As for the Mercedes Benz ad, “You can safely assume it tested well in the marketplace prior to the Super Bowl,” Calkins said.

Most advertisers agree that nothing compares with the reach provided by the Super Bowl, which offers a rare opportunity to enter the household of more than 100 million viewers. For that reason, Super Bowl advertisers strive to create advertisements that are both memorable and relatable for a mass audience.

“As an advertiser, the best Super Bowl ad is the one that can broadly resonate with the most viewers,” he said.


Scott Kitun/The Medillian

Scott Kitun/The Medillian

Each year St. Patrick High School, in Portage Park, and St. Viator High School, in northwest suburban Arlington Heights, compete to see who can collect the most toys for the annual Walter and Connie Payton Foundation Christmas Party.

This year is no different.

St. Patrick has outdueled St. Viator in the annual Christmas toy drive two of the past three years.

“Having played for St. Viator and competing against St. Pat’s and coach Galante, I am truly appreciative for everything they have done for my family and our foundation,” said Jarrett Payton, son of the Chicago Bears’ legendary running back Walter Payton.

Known by the nickname of “Sweetness,” for his graceful running style and generous personality, Walter Payton was well-known for giving back to the community and especially to the children, his son noted.

Following his passing in 1999, Connie and their children, Jarrett and Brittany, established the Walter and Connie Payton Foundation to carry on their father’s legacy of sweetness.

By hosting toy drives over the past decade, the foundation has provided Christmas joy for thousands of underprivileged children throughout the city of Chicago, Jarrett Payton said.

“I just remember as a little kid my dad letting me go to the toy store and fill up a cart with anything I wanted. Then he would pull into a poor neighborhood and just pop the trunk and I would look at him like he was crazy,” he said. “Then, he would look at me and explain what it meant to be blessed and how to bless others and we would give all the toys away. That’s how it all started.”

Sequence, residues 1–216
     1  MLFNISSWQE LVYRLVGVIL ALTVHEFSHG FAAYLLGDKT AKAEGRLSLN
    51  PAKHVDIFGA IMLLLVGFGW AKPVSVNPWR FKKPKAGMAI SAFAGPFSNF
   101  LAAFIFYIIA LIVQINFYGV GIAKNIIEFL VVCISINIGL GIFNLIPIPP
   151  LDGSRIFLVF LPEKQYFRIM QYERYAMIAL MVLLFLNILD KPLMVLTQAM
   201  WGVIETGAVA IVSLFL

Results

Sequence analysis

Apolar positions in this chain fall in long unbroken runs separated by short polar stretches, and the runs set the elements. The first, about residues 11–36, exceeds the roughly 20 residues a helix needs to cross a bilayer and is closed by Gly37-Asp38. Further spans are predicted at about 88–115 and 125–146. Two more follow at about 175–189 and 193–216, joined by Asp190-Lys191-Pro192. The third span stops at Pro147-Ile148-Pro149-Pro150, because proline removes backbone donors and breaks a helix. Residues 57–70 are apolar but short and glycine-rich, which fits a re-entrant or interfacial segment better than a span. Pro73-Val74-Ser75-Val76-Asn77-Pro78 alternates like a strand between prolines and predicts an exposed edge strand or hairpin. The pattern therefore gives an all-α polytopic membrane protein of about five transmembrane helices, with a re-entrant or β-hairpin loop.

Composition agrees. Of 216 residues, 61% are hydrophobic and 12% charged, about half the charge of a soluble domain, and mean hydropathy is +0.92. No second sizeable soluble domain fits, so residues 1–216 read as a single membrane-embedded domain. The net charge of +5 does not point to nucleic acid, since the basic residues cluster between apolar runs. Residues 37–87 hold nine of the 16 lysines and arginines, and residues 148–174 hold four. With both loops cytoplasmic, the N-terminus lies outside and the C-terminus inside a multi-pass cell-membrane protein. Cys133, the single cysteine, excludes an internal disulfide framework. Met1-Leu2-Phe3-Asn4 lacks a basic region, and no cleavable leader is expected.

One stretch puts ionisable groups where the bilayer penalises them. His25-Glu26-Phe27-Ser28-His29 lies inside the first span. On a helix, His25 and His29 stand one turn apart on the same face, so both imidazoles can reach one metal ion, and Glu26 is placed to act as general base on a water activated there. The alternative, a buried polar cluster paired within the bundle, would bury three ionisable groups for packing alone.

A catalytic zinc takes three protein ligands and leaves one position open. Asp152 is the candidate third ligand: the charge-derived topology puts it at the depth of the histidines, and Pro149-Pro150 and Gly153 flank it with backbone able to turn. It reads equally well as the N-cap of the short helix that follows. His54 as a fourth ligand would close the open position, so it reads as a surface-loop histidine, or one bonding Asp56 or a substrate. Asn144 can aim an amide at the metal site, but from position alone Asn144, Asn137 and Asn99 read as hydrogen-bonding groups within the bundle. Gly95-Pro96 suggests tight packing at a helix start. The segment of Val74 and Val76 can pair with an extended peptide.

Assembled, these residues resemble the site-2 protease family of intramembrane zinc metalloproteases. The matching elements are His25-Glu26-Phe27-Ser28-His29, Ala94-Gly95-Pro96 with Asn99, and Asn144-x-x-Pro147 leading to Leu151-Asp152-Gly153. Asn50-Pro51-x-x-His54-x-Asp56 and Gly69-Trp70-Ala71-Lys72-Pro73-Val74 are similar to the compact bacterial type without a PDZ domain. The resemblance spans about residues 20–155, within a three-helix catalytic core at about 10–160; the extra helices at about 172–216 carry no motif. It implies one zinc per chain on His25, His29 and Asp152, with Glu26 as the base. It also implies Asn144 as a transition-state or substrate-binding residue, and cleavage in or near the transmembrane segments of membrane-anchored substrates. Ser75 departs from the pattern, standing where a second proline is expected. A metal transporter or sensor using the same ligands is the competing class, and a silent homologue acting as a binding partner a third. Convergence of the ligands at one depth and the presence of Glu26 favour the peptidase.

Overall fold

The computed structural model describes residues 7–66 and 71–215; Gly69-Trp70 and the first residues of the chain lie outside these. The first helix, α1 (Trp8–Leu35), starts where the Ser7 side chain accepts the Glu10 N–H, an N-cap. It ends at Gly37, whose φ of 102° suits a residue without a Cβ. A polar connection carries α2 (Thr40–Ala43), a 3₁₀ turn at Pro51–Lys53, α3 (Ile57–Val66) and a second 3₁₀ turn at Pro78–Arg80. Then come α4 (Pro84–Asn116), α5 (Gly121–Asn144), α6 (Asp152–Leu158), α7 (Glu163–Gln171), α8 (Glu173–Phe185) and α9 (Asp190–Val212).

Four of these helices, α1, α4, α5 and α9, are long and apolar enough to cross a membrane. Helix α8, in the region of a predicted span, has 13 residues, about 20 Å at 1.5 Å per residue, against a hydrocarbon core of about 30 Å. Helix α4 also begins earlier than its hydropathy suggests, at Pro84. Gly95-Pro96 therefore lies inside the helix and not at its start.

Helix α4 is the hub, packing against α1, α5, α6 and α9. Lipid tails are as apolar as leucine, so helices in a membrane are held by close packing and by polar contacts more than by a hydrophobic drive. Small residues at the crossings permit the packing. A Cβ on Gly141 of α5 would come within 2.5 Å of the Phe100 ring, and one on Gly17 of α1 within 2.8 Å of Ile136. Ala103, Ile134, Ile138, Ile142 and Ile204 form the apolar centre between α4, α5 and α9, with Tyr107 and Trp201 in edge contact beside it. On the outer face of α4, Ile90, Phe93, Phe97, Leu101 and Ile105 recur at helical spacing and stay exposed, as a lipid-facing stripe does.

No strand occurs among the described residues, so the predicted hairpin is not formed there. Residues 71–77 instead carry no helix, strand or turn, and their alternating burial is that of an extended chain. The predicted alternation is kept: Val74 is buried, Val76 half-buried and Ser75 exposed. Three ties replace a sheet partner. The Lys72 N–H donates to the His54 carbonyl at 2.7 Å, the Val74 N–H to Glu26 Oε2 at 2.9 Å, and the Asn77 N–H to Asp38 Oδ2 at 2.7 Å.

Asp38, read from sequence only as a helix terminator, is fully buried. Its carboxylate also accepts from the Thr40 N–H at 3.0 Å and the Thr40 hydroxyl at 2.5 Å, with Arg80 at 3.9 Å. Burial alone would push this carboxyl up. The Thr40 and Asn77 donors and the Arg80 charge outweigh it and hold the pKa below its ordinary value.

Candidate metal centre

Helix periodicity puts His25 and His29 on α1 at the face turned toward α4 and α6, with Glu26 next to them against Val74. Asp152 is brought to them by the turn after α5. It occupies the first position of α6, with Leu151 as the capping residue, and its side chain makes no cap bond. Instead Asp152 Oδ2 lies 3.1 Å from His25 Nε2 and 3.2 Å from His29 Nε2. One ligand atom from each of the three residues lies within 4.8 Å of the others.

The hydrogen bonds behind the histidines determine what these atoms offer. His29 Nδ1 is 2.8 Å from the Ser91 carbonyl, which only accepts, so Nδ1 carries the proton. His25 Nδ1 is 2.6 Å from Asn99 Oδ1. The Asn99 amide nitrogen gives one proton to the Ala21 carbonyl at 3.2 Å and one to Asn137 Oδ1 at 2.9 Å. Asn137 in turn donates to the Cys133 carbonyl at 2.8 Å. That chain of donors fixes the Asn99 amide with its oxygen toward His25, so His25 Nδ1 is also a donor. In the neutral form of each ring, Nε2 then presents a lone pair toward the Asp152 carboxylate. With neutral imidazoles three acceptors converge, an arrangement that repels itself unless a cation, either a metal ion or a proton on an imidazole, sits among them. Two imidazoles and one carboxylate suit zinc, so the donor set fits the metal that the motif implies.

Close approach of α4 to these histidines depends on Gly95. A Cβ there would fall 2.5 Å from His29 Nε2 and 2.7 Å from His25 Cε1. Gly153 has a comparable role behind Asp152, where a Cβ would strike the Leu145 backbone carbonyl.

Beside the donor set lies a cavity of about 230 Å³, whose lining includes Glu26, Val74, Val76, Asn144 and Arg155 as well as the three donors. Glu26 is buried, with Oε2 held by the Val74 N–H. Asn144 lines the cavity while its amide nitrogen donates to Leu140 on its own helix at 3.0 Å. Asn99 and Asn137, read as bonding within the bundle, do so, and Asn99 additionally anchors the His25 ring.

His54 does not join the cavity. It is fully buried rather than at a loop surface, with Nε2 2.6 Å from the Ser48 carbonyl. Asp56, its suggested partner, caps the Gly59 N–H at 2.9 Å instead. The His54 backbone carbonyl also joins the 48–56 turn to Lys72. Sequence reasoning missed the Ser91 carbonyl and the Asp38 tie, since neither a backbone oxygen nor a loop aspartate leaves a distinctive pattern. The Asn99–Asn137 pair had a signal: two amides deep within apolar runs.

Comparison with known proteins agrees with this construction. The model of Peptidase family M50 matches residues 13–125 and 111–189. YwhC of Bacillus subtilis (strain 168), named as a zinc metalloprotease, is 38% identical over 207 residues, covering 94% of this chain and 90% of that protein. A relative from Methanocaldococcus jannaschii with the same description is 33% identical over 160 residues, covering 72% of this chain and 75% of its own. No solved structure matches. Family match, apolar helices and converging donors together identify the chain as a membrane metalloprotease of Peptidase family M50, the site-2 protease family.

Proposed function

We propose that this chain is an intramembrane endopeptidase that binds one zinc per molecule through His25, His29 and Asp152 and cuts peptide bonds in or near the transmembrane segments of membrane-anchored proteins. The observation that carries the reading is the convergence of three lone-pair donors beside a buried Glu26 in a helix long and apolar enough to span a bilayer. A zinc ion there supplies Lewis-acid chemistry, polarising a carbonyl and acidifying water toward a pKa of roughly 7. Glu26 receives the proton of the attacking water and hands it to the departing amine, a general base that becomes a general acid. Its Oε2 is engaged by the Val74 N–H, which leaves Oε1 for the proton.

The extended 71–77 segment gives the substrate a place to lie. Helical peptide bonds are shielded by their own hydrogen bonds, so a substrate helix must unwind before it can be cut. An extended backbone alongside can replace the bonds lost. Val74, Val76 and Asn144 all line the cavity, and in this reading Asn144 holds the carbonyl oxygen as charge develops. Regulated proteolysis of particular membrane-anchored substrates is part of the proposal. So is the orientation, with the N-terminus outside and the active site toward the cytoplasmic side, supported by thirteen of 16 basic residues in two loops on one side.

For the past four years the Gary family, of 686 Buena Vista Dr. in Glen Ellyn, has hosted an annual Christmas party for the Walter and Connie Payton Foundation.

Last year alone, St. Patrick’s helped to collect over 300 toys for the annual toy drive and already this year according to St. Patrick Principal Joe Schmidt, they are on pace to collect even more, having collected over 250 toys to date.

“The foundation is very dear to our hearts and this party is a thank you to all of those who get involved,” Christy Gary said Saturday evening at the party.

The growth of the foundation has relied on the effort of families such as the Gary’s and on schools such as St. Patrick High School and St. Viator, where Jarrett was a star football athlete at quarterback and running back before his pro days in the Canadian Football League and the NFL.

“We always had to face Jarrett and St. Viator in sports and I got to know Walter over the years. I grew to have such respect for him that we retired his jersey, number 34,” St. Pat’s Athletic Director, Brian Glorioso said.

“Actually, each year the boys that do the most community service get to wear number 34 for the day,” he added. “That’s the kind of respect we have for the Payton’s.”